Conservation and Education


Youth Water Academy Fall 2019

Students grades 9-12 in Carrboro and Chapel Hill are invited to apply for the second edition of the Youth Water Academy.

Over 5 sessions, participants will learn from OWASA’s engineers, operators, scientists, field crews and more, about the fascinating process of protecting and delivering the community’s water.

The Academy is free, and 12 spots are open. The deadline for applications is November 1st. Apply now!



Inaugural Water Academy graduates!

In April 2019, seven Carrboro-Chapel Hill high school students graduated from OWASA's first Youth Water Academy! Eleanor Clark, Josh Fink, Camille Lorie, Michelle Pajak, Emily Rajappan, Yuhao Xu and Larry Yuan toured OWASA's water and wastewater treatment plants, learned about water governance, and participated in a hands-on build of a model water system.

Rising Senior Eleanor Clark at Carrboro High said: "I loved learning about what it takes to get water from the lake to my tap every day...and the water industry isn’t just for men. I loved meeting all of the awesome women that love their jobs!"

Over four sessions, participants learned from OWASA's scientists, operators, engineers, distribution and collection crew and more. They participated in a mock Board meeting to make policy decisions and engineered a mini water system using buckets, plastic pipes and pumps - replicating what it takes to get water from a lake to a treatment plant to an elevated tank.

“I didn’t anticipate the students would be so excited; they loved figuring it out and planning a water system. I’m proud to help deliver the community’s water and wastewater system, and I’m excited to help deliver the next Youth Academy,” said Shawn Stanley, OWASA’s Distribution and Collection System Coordinator.

"My dad grew up in India where there was a limited supply of clean water in his village and that sparked my interest in water. My favorite part of the Academy was building a water filtration I want to start a water club at school," said Emily Rajappan, rising Sophomore at Chapel Hill High. Hear more about Emily's experience at the Academy during her interview on the Wonderful Water show with local radio station WCHL!



Conservation of natural resources including water is a strong value in the Carrboro-Chapel Hill community and at OWASA. OWASA customers have achieved remarkable water conservation since fiscal year 2001-02: drinking water use in our community has fallen about 26% and returned to levels not seen since the early 1990s, despite the community's growth in the last two decades. (We have 16% more customers than in 2002.)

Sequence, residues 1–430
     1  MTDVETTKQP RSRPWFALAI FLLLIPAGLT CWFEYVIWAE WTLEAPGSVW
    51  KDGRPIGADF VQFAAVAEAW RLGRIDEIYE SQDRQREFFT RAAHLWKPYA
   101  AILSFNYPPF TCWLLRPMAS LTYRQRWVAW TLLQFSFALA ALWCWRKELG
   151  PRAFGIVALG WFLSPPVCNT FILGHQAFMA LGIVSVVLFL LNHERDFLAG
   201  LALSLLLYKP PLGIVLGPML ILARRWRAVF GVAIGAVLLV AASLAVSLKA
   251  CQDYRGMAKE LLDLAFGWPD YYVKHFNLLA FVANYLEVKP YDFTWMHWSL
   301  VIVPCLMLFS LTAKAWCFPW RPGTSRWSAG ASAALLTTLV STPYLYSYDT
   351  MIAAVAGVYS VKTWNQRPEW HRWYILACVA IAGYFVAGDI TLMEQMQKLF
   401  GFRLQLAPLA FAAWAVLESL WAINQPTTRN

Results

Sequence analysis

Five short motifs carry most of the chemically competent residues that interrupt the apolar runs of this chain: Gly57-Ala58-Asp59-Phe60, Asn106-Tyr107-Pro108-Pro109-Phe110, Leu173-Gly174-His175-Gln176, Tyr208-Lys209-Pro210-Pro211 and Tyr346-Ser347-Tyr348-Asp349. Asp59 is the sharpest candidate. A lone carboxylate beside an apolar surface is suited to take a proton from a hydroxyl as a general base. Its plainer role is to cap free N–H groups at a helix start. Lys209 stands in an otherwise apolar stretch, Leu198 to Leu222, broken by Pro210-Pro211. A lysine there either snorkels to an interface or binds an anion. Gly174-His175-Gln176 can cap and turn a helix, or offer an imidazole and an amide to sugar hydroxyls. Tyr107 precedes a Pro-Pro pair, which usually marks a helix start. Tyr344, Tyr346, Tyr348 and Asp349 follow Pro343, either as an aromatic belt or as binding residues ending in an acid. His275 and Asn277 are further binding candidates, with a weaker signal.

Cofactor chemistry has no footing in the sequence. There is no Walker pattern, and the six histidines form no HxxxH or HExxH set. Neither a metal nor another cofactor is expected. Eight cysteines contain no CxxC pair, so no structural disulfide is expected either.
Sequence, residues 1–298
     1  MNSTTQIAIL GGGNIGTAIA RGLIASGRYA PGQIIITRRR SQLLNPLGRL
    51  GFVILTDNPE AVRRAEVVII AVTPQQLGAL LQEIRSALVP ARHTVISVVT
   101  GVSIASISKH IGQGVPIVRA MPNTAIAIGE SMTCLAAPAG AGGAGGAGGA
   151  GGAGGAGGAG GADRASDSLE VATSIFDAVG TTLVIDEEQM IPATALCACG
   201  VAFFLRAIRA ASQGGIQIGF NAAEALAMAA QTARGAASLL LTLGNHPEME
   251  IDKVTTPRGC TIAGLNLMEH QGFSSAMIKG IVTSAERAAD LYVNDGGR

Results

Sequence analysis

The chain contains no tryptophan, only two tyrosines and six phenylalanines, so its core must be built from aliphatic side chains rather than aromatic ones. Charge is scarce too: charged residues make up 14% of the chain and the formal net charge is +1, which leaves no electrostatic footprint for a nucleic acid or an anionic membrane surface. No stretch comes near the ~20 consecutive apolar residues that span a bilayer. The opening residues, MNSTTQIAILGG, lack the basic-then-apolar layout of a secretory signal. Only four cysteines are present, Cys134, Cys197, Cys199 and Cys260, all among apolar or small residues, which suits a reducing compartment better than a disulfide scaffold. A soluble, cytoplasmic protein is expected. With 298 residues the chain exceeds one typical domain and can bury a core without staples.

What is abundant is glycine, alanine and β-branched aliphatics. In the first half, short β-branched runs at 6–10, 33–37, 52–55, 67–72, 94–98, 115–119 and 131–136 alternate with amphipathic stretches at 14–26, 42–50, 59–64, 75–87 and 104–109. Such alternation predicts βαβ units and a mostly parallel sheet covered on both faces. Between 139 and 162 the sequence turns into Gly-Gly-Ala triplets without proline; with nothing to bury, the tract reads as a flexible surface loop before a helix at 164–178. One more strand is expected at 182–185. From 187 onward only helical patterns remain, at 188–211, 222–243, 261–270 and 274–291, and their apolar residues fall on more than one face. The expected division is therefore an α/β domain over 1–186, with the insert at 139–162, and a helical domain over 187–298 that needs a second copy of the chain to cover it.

The benefits of conservation: Conservation practices and investments make our community better prepared for droughts; defer the need for multi-million dollar expansion of OWASA system capacities; and reduce greenhouse gas emissions from use of conventional energy sources to pump lake water, drinking water, wastewater and treated wastewater. For information on the relationship between water use, conservation and greenhouse gas emissions, please click here.

By reducing hot water use in homes and business, etc., OWASA customers can also reduce their energy use and greenhouse gas emissions from heating water with conventional fuels.

Our Conservation Policy is: To develop, fund, and implement a cost-effective water conservation and demand management program that will meet our community's long-term water supply needs (through 2050) by making the highest and best use of our local water resources and eliminating the need for costly new water supply sources and facilities.


OWASA has adopted a Water Shortage Response Plan in accord with State requirements. 

On January 10, 2013, the OWASA Board adopted a Drought Response Operating Protocol (DROP), which describes OWASA’s procedures and criteria for making water supply and demand management decisions in an extended drought. To read the DROP, please click here. For the Board’s resolution, please click here.

Educating the Community

Taste of Hope Staff

Drought-tolerant, non-invasive trees, shrubs and flowers are a practical alternative to traditional cold-season grasses. When established, drought-tolerant landscaping can add beauty, complement lawn areas and save water and dollars; and benefit the environment by improving wildlife habitat, reducing fertilizer and pesticide use and lessening the need for mowing.

Education, communication and information are a key part of our services to the community.

It is our responsibility not only to provide clean, safe drinking water and to responsibly treat wastewater, but to clearly, courteously and timely inform our customers about our services, policies, plans and actions; proposed actions, policies and plans; and meaningful opportunities to participate in OWASA's decision processes.

We welcome your questions, comments and the opportunity to give you information through our website, by contacting or visiting us, touring our facilities, etc. Please feel free contact us at or 919-968-4421.

We invite you to join our electronic mailing list to receive our news releases simply and quickly by e-mail. To join our mail list, please send an e-mail to

Also, we offer presentations to school classes on request in addition to providing tours of our water and wastewater treatment plants. To schedule a presentation on our community's water resources including where our water comes from, how we treat lake water to make drinking water, how wastewater is treated and recycled and related topics, please contact us at

For the US Environmental Protection Agency's water-related lesson plans and resources for teachers, please click on the following link: Water.

Conservation and Service Affordability